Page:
The case had drawn international attention in recent weeks, inspiring protests and letters urging the U.S. Supreme Court, the governor and the parole board to spare Foster’s life because he did not participate in the killing.

The story did get a lot of press, as the Chron mentioned, and I think Gov. Perry made the right decision. The death penalty isn’t usually a hot campaign issue since a majority of Americans favor it, but it does rile up the large minority that opposes it. From the Death Penalty Information Center, I got the statistics on who supports the death penalty. For all of these demographics, except African-Americans, the only difference is how strong the support is. But with only 58% of Democrats and 44% of African-Americans in favor, I think there’s room for a serious candidate who takes a strong anti-death penalty stance.

But here’s what our frontrunners sound like. Barack Obama in 2002:

We certainly don’t think that we should be… have this laundry list that does not make any distinctions between the run-of-the-mill armed robbery that results in death, and systematic killings by a terrorist organization. And I think essentially what the reduction of aggravating factors does is it says, “Here’s a narrower set of crimes that we think potentially at least could deserve the death penalty.”

But here’s Dennis Kucinich in 2004:

The imposition of the death penalty is both racially and economically biased. African American defendants are more likely to receive death sentences than others who committed similar crimes. Ninety-eight percent of all defendants sentenced to death could not afford their own attorney.

It’s too bad that the only candidate for 2008 who really does take an anti-death penalty stance is mostly just fodder for late night talk show jokes. Maybe Kucinich hanging around or the press that Perry got will help to move this debate back into the mainstream and cause people to rethink their positions while I’m still young and idealistic.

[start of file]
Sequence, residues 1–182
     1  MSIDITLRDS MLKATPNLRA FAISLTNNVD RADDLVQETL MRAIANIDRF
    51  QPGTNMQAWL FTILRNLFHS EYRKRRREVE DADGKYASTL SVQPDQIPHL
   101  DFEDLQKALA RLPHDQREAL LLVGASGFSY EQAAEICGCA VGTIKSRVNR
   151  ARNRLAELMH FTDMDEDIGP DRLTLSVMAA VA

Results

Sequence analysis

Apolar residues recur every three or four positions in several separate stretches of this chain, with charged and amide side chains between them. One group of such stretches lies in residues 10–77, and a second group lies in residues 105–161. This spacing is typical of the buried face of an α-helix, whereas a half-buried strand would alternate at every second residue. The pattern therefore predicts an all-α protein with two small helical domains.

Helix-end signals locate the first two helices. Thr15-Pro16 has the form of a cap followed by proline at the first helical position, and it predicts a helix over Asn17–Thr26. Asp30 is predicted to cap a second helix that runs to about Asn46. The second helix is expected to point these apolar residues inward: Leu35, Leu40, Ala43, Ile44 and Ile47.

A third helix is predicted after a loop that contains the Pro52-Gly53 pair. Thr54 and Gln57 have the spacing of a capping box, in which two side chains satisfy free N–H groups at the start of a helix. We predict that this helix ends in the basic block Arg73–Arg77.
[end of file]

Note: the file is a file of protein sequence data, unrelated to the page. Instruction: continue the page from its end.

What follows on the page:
The happy Wanderers

One of the unfortunate side effects of my recent pneumonia experience was that I was forced to cancel a trip Olivia and I had planned to take to New York to visit family and attend a few minor league baseball games. These trips have become a semi-annual family tradition, and I’d really been excited about taking Olivia to participate, especially since we’d be meeting up with some cousins I hadn’t seen in awhile. Life had other plans for me, sadly.

One of my uncles spoke to a writer at the hometown paper about the experience. Here it is, so you can see what we missed out on.

STATEN ISLAND, N.Y. — They call it the Wanderers tour — a journey that began in 1994, when the children of Charlie and Jessie (McLaren) Kuffner met in Chittenango State Park near Syracuse, went camping, played Scrabble and cheered at six minor-league baseball games, including one played in Cooperstown. And it was at Cooperstown that Charlie, Ken, Jim, Dan and Bill — and their sister, Judy — who was not with them on the tour — decided to call themselves the Wanderers Minor League Baseball Touring Company in honor of their father and his brothers, who grew up in Stapleton during the 1920s and ’30s and played semipro baseball, basketball and football as the Stapleton Wanderers.

According to Bill Kuffner, since 1994 there have been eight Wanderers Tours that covered Indiana, Illinois, Western New York, North Carolina, Texas, Oregon and Montana. Along the way, participation in the tours grew to include Judy, their children, grandchildren and several Kuffner cousins.